The Esoterrorists are occult terrorists intent on tearing the fabric of the world – and you play elite investigators out to stop them. This is the game that revolutionized investigative RPGs by ensuring that players are never deprived of the crucial clues they need to move the story forward. Purchase The Esoterrorists in print and PDF at the Pelgrane Shop.

 

(For context, see the Reality Hacking rules)

Academic Hacks

Primal Hunter (Anthropology): You gain a 6-point Scuffling pool for the next scene, but you can only use this pool when armed with melee weapons you have made yourself. A sharpened stick or just a nicely balanced stone works. You deal +1 damage with these primal weapons.

Inter (Archaeology): Instantly disposes of a human corpse. The corpse reappears nearby in a hitherto undiscovered grave, as if it had been buried there for centuries or even longer, with a corresponding degree of decay. So, use it to clean up your hotel room after defeating an Esoterrorist assassin, and some poor future archaeologist will have to work out why there’s a 21st-century knife in a grave that’s clearly from the Hohokam culture of 1400 years ago.

Spacewarp (Architecture): Connect two doors in the same building for one round, regardless of the intervening space.

Exquisite, Isn’t It? (Art History): Convince an onlooker that an event or object should be regarded as an abstract sculpture or a piece of performance theatre; as long as everyone else in the scene plays along with the charade, the target’s unable to critically engage with the subject of the illusion. (“Oh, you’ve just murdered that guy… but it’s ok, this is guerrilla street theatre!)

Debtor’s Prison (Forensic Accounting): The target of this hack becomes unable to distinguish relative values of money for the rest of the scene. They can be convinced that a dollar is worth a huge amount, or that it’s perfectly reasonable to let someone borrow fifty thousand bucks for a cup of coffee.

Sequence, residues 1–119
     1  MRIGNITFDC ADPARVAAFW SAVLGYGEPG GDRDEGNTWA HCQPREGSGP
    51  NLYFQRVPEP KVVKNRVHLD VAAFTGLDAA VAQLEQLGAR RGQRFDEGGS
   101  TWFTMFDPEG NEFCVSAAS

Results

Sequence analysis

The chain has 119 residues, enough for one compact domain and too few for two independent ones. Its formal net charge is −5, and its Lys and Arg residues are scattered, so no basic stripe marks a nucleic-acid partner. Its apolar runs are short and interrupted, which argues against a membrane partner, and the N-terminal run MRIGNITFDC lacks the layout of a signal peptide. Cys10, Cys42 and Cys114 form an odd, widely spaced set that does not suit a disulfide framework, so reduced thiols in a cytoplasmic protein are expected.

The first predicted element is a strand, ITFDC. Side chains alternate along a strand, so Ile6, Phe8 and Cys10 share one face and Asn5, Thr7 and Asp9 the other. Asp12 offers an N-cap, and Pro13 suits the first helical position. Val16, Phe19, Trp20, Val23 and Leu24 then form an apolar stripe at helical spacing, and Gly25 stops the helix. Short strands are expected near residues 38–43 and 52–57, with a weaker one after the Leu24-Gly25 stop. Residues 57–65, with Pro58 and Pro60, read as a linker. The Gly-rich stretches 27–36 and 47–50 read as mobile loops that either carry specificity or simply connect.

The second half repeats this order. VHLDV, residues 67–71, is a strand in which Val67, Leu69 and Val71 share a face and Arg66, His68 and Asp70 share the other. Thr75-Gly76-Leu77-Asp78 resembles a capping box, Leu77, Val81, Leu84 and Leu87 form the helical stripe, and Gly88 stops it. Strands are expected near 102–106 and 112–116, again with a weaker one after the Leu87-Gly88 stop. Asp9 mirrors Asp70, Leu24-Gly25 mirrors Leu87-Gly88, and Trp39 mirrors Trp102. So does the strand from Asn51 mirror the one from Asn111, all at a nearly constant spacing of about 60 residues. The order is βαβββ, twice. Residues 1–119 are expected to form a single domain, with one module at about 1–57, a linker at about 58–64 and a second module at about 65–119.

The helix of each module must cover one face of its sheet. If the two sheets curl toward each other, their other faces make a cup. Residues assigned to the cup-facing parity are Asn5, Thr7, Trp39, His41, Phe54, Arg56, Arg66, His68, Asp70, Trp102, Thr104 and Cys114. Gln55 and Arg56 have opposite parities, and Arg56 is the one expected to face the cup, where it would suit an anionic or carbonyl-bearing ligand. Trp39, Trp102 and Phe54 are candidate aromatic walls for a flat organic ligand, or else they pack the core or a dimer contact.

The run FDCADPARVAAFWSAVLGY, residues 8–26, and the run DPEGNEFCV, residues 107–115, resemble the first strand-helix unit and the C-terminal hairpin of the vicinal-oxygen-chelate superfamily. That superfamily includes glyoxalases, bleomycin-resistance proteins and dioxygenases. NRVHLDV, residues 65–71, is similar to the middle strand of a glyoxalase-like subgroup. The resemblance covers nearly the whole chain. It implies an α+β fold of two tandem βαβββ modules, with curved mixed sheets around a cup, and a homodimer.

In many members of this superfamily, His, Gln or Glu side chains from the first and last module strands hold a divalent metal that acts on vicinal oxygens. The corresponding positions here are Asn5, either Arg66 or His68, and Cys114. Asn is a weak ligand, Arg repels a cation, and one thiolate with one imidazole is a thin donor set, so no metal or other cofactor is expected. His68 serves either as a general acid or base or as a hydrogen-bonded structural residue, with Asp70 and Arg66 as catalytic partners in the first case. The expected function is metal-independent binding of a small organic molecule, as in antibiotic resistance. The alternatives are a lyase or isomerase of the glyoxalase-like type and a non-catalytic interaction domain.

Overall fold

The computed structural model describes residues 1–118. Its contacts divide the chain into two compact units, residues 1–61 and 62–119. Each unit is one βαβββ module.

Manifest Fear (Forensic Psychology): The investigator conjures a brief, haunting image of the target’s most deep-seated fear. Both investigator and target glimpse the shadow, but it vanishes so quickly that only a few details can be made out before it disappears.

T’lon! (History): Inserts an entry of your choice into the next reference book or website the target consults. This entry doesn’t have to relate to history – you could warp someone’s internet search for the nearest taxi company. Anytime they look to an authoritative source for some supposedly neutral and universally accepted information, you’re there.

Word of Babel (Languages): For the rest of the scene, the player characters become able to communicate in a unique language known only to them. Outsiders may assume they’re speaking a rare language like Basque.

Freeman on the Land (Law): The target of the hack loses the ability to disentangle or dismiss legal arguments. As long as the Agent can make some sort of legal-sounding justification, the target is compelled to assume the Agent’s baloney is correct (“you can’t arrest me, officer – you’re not a tugboat! I have a birth certificate, therefore a berth, therefore I’m a ship!”)

Imperative Command (Linguistics): This hack turns a piece of text – no more than four words long – into an imperative command that must be obeyed. For example, zapping a ‘quiet please’ sign in a library would render anyone who reads it temporarily speechless; enchanting a stop sign would force anyone who sees it to stop dead in their tracks. Those afflicted by the hack can ignore the command with an effort of will, but that takes a moment of focussed concentration.

Cryptid (Natural History): This hack transforms an animal into a cryptid monster, making it bigger, more aggressive, and empowering it with supernatural abilities. The hacker has no control over the effects of the spell or the behaviour of the animal; it’s something of a wild shot. Still, it’s generally true that a conjured cryptid will attack the nearest prey.

Demon Summoning (Occult Studies): This isn’t so much a hack as it is focussed Esoterrorism – the hacker deliberately invites a Creature of Unremitting Horror to enter our reality. There’s no guarantee what, if anything, this hack conjures, although the hacker can shape the desired result by providing the ODE (Outer Dark Entity) with a suitable host body or conditions for forming one. (If you want a Torture Dog, then perform this hack in a toolshed with the body of a dead dog.)

Special Means of Dispatch (Pathology): This hack instantly heals a Seriously Wounded or Dying Agent. The downside – the Agent is now permanently connected to the Outer Dark, and is ‘alive’ only as long the connection’s maintained. The Agent cannot survive for more than a few hours in areas where the Membrane is intact. Furthermore, when the hack is performed, the hacker must specify a means of dispatch that can be used to kill the resurrected investigator; the amount of Health restored is inversely proportional to the difficulty of this means of dispatch. (So, “you die instantly if hit by a silver bullet” might be generous enough to fully restore the Agent’s health, whereas “you die instantly if hit by a silver bullet, engraved with the secret pet name your lover uses for you, and only on your wedding anniversary”) is restrictive enough that the Agent might only be healed to 1 Health.